（下見中文）To read between the lines of a literary text, we try to understand the underlying meaning. In this exhibition, reading between the visible and invisible lines is more than cracking the untold code. Beyond colours, forms, or even spaces between the Chinese characters in the painting, there is something about the artists. “In/visible” is a joint exhibition of Hao Lap-yan Benjamin and Chan Sai-lok at the A.lift Gallery.
Three years after graduating from Royal Melbourne Institute of Technology co-presented by Hong Kong Art School, Benjamin Hao has his works presented at art fairs and participated a few exhibitions. However, his tanned skin and floral printed shorts suggest that he is not satisfied only to stay in his studio. Hao enjoys hiking and observing the nature not like a scientist but an adventurer. What influenced him was a residency program in Iceland two years ago when he decided to emerge in the wild for two weeks. He fished for his supper and it went out surprisingly smoothly. He caught one every five minutes which reminded him not to take more than he needed.
Some take nature as a place for relaxation, while Hao takes it as a sampling field. He documents all sorts of living organisms and sceneries by rubbing a piece of paper on a rock and taking pictures of a dragonfly. As he gets closer to the soil, he bonds closer with his homeland. In his previous paintings, Hao depicted ferns, branches, insects and rocks commonly found in Hong Kong to express his sense of belongings. Hao says, “Pattern in totems taken from nature and natural colourings represent culture. I found that Hong Kongers tend to separate local culture from the nature of the city. Roads and cement have disguised the natural colour of our earth and thus blocked our connection with the soil.” That is why Hao has an ongoing project of making papers with local plants to demonstrate the Hong-Kongness in a sheet of A4 paper.
In “In/visible”, there are portrayals of nature from his own experience. Dive into the deep blue is an aerial view of the rocks at the seaside offering a cooling effect in hot summer. Hao admits, “I pick common objects that viewers can associate with. They can relate their own experience to mine. When I search for a place for my painting, I go back and forth frequently. Sometimes, other hikers would ask what I was doing, and I would take this opportunity to tell them my ideas and learn from them about local plants and things.”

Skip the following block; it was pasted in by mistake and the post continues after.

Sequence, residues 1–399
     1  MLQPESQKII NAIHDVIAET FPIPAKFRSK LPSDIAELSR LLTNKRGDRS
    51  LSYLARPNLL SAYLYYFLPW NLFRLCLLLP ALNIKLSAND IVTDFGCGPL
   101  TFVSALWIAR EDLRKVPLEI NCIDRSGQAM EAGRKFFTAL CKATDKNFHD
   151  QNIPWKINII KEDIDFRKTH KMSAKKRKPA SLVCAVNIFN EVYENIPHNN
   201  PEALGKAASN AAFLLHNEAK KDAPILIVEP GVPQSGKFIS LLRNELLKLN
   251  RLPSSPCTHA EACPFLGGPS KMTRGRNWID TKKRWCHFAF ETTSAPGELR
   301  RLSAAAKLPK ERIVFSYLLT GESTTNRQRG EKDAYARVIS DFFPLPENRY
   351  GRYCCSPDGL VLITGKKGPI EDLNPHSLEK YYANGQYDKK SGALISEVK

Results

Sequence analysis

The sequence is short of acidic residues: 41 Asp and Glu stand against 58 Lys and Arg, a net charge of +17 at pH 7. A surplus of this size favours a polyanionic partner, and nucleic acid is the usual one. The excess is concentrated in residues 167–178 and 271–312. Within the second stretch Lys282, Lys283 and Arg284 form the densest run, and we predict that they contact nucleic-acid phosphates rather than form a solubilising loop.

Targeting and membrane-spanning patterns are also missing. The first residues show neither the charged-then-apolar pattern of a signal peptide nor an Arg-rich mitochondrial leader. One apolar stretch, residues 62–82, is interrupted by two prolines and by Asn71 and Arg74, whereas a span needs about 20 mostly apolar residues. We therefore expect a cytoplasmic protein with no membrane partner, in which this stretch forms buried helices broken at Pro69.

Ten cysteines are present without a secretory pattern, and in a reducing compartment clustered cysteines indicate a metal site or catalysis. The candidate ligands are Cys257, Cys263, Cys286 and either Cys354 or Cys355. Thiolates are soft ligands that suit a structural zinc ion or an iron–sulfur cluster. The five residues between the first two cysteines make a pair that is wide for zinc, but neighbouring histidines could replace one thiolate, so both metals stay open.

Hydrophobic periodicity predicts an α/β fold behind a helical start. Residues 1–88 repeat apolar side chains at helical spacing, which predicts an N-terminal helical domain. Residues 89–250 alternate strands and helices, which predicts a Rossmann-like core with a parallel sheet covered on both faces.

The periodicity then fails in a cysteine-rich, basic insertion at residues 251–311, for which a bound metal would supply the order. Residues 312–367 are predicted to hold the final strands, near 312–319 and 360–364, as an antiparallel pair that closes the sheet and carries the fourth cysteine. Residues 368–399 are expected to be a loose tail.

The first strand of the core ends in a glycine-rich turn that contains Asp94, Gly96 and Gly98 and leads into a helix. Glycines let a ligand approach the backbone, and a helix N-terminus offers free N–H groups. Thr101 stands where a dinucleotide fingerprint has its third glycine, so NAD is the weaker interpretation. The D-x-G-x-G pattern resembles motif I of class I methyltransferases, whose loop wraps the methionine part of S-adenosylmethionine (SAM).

Calming colours and organic forms dominate Hao’s paintings. On the other side of the exhibition space, the unemotional squarish Chinese characters in Chan Sai-lok’s works juxtapose a nice contrast. What brings them together is the blurred boundaries between visible and invisible. “Benjamin and I share a common practice that our works look implicit and quiet,” explains Chan. “Hao’s works are a representation of nature while mine are a representation of text.”
Criss-crossing between literature and visual art, Chan is also an art critic and educator. Hence, it is not surprising to know that he has several “creation lines” at the moment. “One focuses on material and form – I explore materials like silk and transparent film as well as forms like irregular shaped dots in regular pattern. To me, this approach provides a certain assurance of the outcome.” says Chan. In his work My City (Black, White, Red), three sentences from a 70s novel echoing the identities of nowadays Hong Kong were correspondingly painted and framed in black, red and white. Squares of the same colour tone were painted in an orderly fashion between the lines. The incomplete Chinese characters etched on the acrylic board are meant to be recognised only by those who have read the novel. He feels that viewers have an active role in the process of art interpretation and appreciation.
Chan’s more preferred creation line is the mixing of painting with Chinese characters as demonstrated in City/ Village. When asked if he poses himself a mission to emphasise literature through his paintings, Chan simply denies, “I like literature and this is how I perceive the world. My works represent what I read. ” At the same time, he shares his aspiration to showcase novels or prose in visual art exhibition. Perhaps the artist has a vision to integrate both art forms, instead of promoting either.
On the visible side, Hao is interested in local landscape while Chan breathes with local literature. Both artists coincidentally use “no rush” to describe their aesthetic practices: Hao cannot rush when he intensively observes nature and paints layer upon layer of acrylic; Chan does not want to rush despite his packed teaching schedule. It indeed takes time to make art. Beyond the depiction on the paintings lies their patience and precipitation of thoughts about Hong Kong’s identity.
The edited article was published in a.m. post August edition.